That very real possibility calls for a re-examination of race, politics and the politics of race – it even calls for a different way of looking at what we think “electability” really is.

Obama’s campaign has consistently outpointed Clinton’s on the money front; yesterday it was announced that Obama had raised $34 million in the second quarter of the year alone, besting Clinton’s efforts by a mil or so. But despite revealing both a proven fundraising prowess and a charisma sorely lacking in much of the rest of the Democratic field, Obama remains subject to the chin-pulling and skepticism of Americans who knock Obama for not being Electable – Americans whose premise of Electability invariably hinges on perspectives of race [see “Barack Obama and the E-Word”}.

For them there’s a cheap safe harbor in that 64-Cent Question: “Is America ready for a black president?”

The prospect of Obama joining a Clinton ticket doesn’t eliminate the question; it shifts that reflexive skepticism to the top of the ticket; many of the same Americans uncomfortable with the idea of Obama as president are asking “Is America ready for a woman president?”



So the combination of the two could mean an unstoppable election juggernaut, not one animated by the conclusions of focus groups and professional pols, but one powered by its own status as The American Constituency. Women and minorities are in themselves a formidable percentage of the electorate; a Clinton-Obama ticket solidifies that potential, gives voters an impressive vision of the possible to get their minds around.

One matter up for discussion, though, is: Why not the other way around? With Obama’s record-setting fundraising (much of it done online) a proven ability to connect viscerally with his audience, and a relative absence of political baggage, why not Obama-Clinton in 2008?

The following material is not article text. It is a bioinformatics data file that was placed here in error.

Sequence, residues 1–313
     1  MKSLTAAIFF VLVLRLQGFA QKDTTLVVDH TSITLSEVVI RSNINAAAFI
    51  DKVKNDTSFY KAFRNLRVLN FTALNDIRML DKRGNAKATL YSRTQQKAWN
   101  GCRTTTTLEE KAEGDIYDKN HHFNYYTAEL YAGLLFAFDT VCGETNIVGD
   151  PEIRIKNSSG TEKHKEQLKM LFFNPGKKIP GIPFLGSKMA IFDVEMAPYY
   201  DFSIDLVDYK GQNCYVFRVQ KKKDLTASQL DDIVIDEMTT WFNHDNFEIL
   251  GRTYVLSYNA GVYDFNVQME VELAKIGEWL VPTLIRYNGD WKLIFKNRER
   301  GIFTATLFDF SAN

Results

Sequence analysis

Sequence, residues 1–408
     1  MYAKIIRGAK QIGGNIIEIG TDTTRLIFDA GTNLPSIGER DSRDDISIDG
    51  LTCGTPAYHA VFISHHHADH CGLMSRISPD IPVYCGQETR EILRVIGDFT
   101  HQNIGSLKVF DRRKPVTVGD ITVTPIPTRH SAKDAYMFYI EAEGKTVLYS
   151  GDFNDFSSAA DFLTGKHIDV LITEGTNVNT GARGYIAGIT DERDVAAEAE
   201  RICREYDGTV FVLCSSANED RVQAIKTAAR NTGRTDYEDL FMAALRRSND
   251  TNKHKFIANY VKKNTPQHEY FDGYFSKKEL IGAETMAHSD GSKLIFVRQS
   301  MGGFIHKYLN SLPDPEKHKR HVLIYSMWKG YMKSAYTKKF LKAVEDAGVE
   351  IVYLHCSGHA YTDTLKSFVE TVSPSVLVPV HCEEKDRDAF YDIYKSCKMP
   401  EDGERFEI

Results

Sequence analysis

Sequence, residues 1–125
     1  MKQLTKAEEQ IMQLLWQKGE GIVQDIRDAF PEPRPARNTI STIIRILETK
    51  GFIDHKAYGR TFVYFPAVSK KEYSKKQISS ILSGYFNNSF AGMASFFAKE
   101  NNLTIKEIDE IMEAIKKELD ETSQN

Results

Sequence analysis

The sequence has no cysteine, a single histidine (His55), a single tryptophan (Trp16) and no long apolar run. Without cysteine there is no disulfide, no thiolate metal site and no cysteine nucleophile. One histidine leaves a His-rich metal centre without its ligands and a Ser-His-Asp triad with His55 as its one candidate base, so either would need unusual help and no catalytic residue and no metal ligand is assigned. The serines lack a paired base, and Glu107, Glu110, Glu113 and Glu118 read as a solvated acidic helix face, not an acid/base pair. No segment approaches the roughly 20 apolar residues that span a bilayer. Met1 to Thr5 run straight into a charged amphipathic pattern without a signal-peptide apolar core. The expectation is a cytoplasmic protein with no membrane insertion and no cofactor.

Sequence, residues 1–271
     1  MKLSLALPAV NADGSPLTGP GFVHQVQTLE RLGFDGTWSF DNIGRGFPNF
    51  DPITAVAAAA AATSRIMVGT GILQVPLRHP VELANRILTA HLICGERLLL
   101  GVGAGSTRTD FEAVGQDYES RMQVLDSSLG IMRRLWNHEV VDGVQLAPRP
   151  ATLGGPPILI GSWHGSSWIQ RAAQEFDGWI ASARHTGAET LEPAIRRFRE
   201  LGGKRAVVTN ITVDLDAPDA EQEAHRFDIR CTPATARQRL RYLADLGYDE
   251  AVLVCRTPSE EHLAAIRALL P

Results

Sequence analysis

This is the hurdle a lot of Americans would rather not be asked to get over: the idea of unambiguously supporting a black man in his quest for the most powerful job in the world. American history is littered with the agonies of our peculiar racial relationship; the idea of being confronted with the prospect of (at least) political equality as a consequence of national events is something many Americans can’t endorse. Yet, anyway.

The arithmetic of all this has yet to play itself out in this front-loaded campaign. With at least a dozen states set to have their primaries over and done with by the spring of 2008, we may have an answer sooner than later. But as Americans’ frustration with the Republican leadership gets worse, as the national complexion gets darker and more multicultural and more estrogen-rich, that 64-Cent Question yields a better one:

A black or a woman president – Is America really ready for anything else?

Monday, July 2, 2007

Grover's Independence Day

Mike Hargrove, the manager of the Seattle Mariners, took a page from the playbook of other figures in pro sports who went out on top. Hargrove, whose team is riding a wave in the AL West, announced yesterday that he would resign as Mariners skipper, effectively more or less immediately. Bench coach John McLaren takes over, making his first appearance as a manager since 1985, when he was with Knoxville of the Southern League.

Dudley Michael Hargrove thus becomes the first manager since 1900 to quit while on a winning streak of more than seven games, according to the Elias Sports Bureau.